I recently spent a couple of weeks in Botswana on a photo safari. There were elephants and lions, bee-eaters and saddle-billed storks, monitor lizards and baobab trees that expand when they soak up water. Even for a nonzoologist, the safari was nirvana.
One of the best parts, though, was learning from the guides.
On our last night in Duma Tau camp, guide Nametsegang (aka “Name”) Dihoro took us on a riverboat ride to watch elephants crossing and see the sunset. As he was giving six of us a lecture on the Okavango Delta area, he stopped midsentence.
“I’ve never seen this before.”
Name rarely shows excitement, because, frankly, over his six years working as a guide, he had seen just about all there was to see. But he was stunned.
He pointed to a pride of 14 lions walking along the riverbank, heading toward our camp. He radioed the camp’s manager so people could get away from the pool, the tents and the floating dock, since the lions were just a couple of hundred yards away. He took photos and moved closer to the bank for a better look. Five of the lions did go into the camp, walked past our tents and kept on going. The others verged off and headed into the brush.
Name never expected to see lions so close to a major body of water and had never seen so many headed straight for the camp. The rest of us were almost unfazed. (No, we were actually quite happy to be far out in the water, safely away from the lions). But we had no inkling of how unusual this sighting was until we saw Name’s reaction.
Lesson for me: Experts notice in ways different from novices.
One other example made the point even more directly. I asked Name how he finds animals in the bush, especially ones that are camouflaged by the grass and trees.
“I used to think of the grass and trees as a wall, a barrier to seeing animals,” he said. “I looked into the trees and couldn’t find them. But now I look ‘behind’ the trees and the grass and see animals all over the place.”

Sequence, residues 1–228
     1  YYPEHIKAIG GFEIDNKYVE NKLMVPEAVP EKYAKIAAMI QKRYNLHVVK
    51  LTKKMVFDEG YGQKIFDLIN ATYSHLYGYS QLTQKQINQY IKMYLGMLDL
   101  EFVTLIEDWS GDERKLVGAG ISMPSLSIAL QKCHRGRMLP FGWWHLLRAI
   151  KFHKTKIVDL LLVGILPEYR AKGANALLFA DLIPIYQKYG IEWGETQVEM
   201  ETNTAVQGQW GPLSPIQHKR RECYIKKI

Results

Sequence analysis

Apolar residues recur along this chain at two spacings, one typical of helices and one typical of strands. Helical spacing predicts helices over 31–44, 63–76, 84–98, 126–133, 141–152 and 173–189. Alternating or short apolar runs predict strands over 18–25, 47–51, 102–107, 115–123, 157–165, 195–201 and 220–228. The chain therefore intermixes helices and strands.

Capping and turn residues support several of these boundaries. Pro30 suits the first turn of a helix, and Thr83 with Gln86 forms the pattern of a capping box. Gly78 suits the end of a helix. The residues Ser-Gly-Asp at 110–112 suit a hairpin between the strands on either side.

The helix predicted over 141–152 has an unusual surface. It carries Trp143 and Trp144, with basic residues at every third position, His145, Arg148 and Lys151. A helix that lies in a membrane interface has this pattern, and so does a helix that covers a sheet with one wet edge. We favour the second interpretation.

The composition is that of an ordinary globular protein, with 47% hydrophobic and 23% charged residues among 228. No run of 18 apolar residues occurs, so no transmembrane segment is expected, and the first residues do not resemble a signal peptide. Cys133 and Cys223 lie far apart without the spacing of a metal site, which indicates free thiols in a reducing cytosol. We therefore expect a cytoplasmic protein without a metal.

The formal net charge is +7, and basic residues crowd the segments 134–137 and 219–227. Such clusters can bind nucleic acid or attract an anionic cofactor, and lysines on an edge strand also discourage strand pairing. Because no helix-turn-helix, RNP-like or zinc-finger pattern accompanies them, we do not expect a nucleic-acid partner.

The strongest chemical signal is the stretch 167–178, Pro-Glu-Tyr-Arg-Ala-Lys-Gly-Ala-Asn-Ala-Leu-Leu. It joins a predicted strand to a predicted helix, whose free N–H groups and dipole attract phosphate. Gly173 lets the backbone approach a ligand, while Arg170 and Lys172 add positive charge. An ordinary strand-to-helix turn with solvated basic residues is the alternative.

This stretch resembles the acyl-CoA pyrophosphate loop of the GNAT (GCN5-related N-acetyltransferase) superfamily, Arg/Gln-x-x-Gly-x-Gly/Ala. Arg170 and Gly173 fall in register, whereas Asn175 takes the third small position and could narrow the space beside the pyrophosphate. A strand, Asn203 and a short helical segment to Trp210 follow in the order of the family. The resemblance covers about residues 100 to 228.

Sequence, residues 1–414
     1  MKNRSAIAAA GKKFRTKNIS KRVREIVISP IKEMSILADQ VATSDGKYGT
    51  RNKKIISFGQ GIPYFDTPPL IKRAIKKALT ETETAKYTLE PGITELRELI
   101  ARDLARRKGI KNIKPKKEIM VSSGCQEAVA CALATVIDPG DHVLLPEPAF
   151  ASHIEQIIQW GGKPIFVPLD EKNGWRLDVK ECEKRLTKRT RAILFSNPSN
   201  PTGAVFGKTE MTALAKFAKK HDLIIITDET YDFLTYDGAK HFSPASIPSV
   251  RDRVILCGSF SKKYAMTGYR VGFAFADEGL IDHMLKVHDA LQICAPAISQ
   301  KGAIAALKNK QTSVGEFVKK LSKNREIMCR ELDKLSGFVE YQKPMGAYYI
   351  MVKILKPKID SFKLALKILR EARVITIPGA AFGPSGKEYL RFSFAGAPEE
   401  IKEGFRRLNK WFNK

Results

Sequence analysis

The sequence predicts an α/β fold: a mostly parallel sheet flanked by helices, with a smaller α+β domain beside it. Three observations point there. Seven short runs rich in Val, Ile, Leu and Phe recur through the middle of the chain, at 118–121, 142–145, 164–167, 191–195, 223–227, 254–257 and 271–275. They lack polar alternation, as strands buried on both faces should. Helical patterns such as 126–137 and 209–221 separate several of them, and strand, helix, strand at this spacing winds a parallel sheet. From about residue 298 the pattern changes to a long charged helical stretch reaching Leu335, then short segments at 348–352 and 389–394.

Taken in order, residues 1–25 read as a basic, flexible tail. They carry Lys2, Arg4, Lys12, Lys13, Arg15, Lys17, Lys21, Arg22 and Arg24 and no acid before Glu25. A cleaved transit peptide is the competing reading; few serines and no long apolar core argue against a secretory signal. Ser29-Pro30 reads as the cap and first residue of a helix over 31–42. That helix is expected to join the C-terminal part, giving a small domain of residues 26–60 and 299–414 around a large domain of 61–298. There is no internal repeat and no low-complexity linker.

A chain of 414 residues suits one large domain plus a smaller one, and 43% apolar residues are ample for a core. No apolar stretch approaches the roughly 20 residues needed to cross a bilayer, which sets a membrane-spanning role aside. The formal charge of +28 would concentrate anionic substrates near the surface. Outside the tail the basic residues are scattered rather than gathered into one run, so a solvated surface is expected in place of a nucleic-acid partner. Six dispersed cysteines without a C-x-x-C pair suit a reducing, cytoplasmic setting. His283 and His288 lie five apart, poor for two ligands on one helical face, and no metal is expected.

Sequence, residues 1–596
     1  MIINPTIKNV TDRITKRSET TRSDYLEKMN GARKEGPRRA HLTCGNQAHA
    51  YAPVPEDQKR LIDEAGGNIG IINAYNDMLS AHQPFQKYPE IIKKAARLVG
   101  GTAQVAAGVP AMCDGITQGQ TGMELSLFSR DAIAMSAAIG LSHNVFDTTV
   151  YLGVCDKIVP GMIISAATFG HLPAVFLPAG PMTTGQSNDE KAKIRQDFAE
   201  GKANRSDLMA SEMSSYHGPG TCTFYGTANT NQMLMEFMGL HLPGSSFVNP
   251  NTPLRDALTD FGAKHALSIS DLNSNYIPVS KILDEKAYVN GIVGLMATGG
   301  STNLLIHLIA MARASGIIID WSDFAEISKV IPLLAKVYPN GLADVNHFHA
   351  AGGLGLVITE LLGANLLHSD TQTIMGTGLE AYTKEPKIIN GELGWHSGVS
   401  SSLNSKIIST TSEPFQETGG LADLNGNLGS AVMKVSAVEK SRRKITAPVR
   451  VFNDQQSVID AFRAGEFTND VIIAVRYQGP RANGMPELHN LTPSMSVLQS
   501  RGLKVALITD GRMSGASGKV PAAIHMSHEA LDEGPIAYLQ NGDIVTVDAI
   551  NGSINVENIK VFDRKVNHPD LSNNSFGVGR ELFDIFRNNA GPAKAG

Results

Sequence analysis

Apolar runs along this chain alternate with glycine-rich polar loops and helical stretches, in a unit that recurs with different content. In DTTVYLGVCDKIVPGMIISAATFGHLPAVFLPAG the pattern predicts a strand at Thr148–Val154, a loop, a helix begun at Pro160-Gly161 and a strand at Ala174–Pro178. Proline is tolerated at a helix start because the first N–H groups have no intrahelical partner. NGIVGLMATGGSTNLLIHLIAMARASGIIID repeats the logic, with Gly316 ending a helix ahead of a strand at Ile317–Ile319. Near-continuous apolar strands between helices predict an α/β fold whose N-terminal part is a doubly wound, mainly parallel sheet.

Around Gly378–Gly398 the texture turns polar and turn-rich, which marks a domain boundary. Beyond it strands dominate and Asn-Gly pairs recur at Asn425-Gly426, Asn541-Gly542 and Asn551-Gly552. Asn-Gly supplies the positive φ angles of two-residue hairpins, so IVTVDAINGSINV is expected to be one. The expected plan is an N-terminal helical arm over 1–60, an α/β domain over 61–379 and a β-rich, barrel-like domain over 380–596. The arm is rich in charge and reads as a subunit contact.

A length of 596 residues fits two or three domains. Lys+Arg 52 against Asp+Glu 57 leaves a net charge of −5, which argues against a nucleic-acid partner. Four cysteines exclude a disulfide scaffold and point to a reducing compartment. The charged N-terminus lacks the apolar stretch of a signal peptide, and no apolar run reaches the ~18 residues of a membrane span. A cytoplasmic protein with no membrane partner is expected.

As Name described it, he has practiced his skills and reached a point where he sees and senses what’s “behind” a tree. He said he had started spending time in the bush as a child and by 6-7 years old had gotten good at tracking. Later, as a “guide in training,” he shadowed an experienced person for several months.
But it was only when he began spending a lot of time alone in the wilderness — looking, listening, and reflecting on what was around him — that that he began to “see” what the rest of us couldn’t.
That’s a lesson for leaders in business. Perhaps Name’s ability is akin to the notion of spending “10,000 hours” to hone a skill. But I would also argue if we really listen, “look” and reflect deeply on what we’re experiencing or learning in business, we will become better faster at seeing what others might not.
When someone you know (or you) mentions “seeing” something in the environment or a change in customers, be sure to notice. Try to understand how that’s happening.
Who knows? You might become a better tracker in the Idaho woods, too.
The caption for the bird picture has been revised to correct the species of the bird. Thanks to Raza Visram, safari and tour planning director for AfricanMecca Safaris, for the correction.